For this to work, one needs to use std::enable_if on get_by_index, so that boost::fusion::get is only called in the version, that is enabled for when the index is smaller then the struct size, like this:

template< size_t I, class Seq, class F >
typename std::enable_if< boost::mp11::mp_less< boost::mp11::mp_size_t< I> , boost::fusion::result_of::size< Seq>>::value,void>::type get_by_index(Seq& s, F && fun)
{
    fun(boost::fusion::get< I>(s));
}

template< size_t I, class Seq, class F >
typename std::enable_if<!boost::mp11::mp_less< boost::mp11::mp_size_t< I> , boost::fusion::result_of::size< Seq>>::value,void>::type get_by_index(Seq& ,F&&){}//*/

So by little bit of more template magic, it is achieved, that get_index_by is only calling fusion::get on the indexes allowed by the type. The default is for supporting large types with 10+ members, when actually also querying these members beyond index 9.

But then a comment on reddit pointed at mp11::mp_with_index, which can do all of the above, so the updated version of visit_fusion_sequence_at is:

template < typename F, typename Seq>
void visit_fusion_sequence_at(Seq & s, size_t idx, F&& fun)
{
    boost::mp11::mp_with_index< boost::fusion::result_of::size::value>(idx,[&](auto I){
        fun(boost::fusion::get< I>(s));
    });
}

This replaces the recursive calls in detail and the switch. So the implementation becomes easy to read code, which is also much shorter and cleaner then the previous versions.

Assigning the value...

One might wonder why the lambda above calls an assign function, rather then just doing x = v; (or v = x;). There are two reasons for this. First, types which aren't convertible directly will lead to a compilation error then, and assign can actually be overloaded and selected with enable_if. I've implemented a similar function for converting strings to the correct type a little while ago for the JSON Import in my CMS.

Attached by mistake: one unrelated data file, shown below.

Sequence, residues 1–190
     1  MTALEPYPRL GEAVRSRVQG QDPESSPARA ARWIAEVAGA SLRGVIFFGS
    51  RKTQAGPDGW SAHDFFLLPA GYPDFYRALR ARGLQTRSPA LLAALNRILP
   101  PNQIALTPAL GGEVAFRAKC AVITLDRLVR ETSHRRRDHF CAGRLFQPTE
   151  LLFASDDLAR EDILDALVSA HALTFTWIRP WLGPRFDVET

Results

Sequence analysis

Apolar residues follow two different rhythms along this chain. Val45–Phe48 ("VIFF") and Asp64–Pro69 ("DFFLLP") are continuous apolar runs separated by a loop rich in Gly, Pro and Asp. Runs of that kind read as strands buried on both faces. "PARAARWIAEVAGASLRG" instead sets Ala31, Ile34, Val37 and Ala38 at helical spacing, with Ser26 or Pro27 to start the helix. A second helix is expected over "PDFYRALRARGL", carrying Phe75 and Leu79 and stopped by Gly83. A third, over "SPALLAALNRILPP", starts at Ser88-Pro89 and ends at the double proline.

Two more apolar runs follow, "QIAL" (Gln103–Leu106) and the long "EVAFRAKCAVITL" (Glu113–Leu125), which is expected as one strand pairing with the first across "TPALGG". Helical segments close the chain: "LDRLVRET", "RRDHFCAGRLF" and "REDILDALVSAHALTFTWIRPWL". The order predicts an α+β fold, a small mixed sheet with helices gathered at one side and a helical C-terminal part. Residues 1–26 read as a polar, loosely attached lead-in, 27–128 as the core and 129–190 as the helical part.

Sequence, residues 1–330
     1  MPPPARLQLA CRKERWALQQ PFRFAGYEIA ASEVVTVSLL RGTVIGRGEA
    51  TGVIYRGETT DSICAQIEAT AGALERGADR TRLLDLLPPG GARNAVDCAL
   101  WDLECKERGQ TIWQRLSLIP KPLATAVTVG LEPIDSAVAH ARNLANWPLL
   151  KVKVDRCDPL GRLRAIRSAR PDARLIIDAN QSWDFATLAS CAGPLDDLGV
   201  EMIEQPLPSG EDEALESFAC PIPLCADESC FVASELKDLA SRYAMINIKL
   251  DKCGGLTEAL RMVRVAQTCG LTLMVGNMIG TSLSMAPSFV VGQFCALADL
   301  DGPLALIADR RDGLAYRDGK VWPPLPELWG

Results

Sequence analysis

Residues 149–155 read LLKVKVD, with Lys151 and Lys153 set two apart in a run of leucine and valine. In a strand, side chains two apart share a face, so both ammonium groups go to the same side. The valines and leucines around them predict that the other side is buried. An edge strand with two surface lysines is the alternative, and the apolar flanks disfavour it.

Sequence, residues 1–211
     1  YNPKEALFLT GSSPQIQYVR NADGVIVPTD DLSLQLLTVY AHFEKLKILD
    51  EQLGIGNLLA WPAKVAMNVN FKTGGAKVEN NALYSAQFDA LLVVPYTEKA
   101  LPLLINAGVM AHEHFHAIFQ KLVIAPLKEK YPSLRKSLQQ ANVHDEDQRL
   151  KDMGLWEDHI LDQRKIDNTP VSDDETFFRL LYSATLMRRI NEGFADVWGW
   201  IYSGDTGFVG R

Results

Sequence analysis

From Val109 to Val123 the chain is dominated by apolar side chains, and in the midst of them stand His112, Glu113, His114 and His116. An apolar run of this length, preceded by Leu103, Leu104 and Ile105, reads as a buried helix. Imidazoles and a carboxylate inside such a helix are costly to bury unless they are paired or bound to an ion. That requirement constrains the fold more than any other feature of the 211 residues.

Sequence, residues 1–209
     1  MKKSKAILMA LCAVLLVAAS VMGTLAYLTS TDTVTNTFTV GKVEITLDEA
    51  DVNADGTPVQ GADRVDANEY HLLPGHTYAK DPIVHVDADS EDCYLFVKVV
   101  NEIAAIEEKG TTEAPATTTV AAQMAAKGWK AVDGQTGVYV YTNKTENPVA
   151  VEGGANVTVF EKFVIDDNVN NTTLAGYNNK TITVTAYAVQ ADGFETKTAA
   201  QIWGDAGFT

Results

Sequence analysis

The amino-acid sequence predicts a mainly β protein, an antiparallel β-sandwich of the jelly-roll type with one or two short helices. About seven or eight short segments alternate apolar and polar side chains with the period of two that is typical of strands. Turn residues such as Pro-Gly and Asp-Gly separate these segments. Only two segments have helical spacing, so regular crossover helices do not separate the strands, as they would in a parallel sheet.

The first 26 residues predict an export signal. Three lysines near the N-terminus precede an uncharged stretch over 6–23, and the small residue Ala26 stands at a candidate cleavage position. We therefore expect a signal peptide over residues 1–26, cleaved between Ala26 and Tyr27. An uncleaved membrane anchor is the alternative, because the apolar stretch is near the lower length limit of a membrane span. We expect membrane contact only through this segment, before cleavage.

Right now only is_convertible and is_constructible are checked, to ensure the type b can be assigned to a:

template< class T, class V>
typename std::enable_if< std::is_convertible< T,V >::value || std::is_constructible< T,V >::value, void>::type assign(T& to, const V& from)
{
    to = from;
}

// throw error when type conversion is not possible
template< class T, class V>
typename std::enable_if< !std::is_convertible< T,V >::value && !std::is_constructible< T,V >::value, void>::type assign(T& , const V& )
{
    throw std::runtime_error("impossible conversion");//*/
}

This code would be a lot easier to write with if constexpr...

But ofc this doesn't play nice with things that don't convert automatically, like Qt types. So for these one needs to provide overloads:

void assign(std::string &s, const QString &qs)
{
    s = qs.toStdString();
}
template< class T>
void qt_assign(T& t, const QVariant& v)
{
    assign(t,v.value());
}

As mentioned, the code often has to deal with variant, assigning to a QVariant is not a problem, but assigning from it needs to call value<T>. So I chose to write a small helper template function to do this. The overload of assign is called instead of assign, so that the error is not triggered.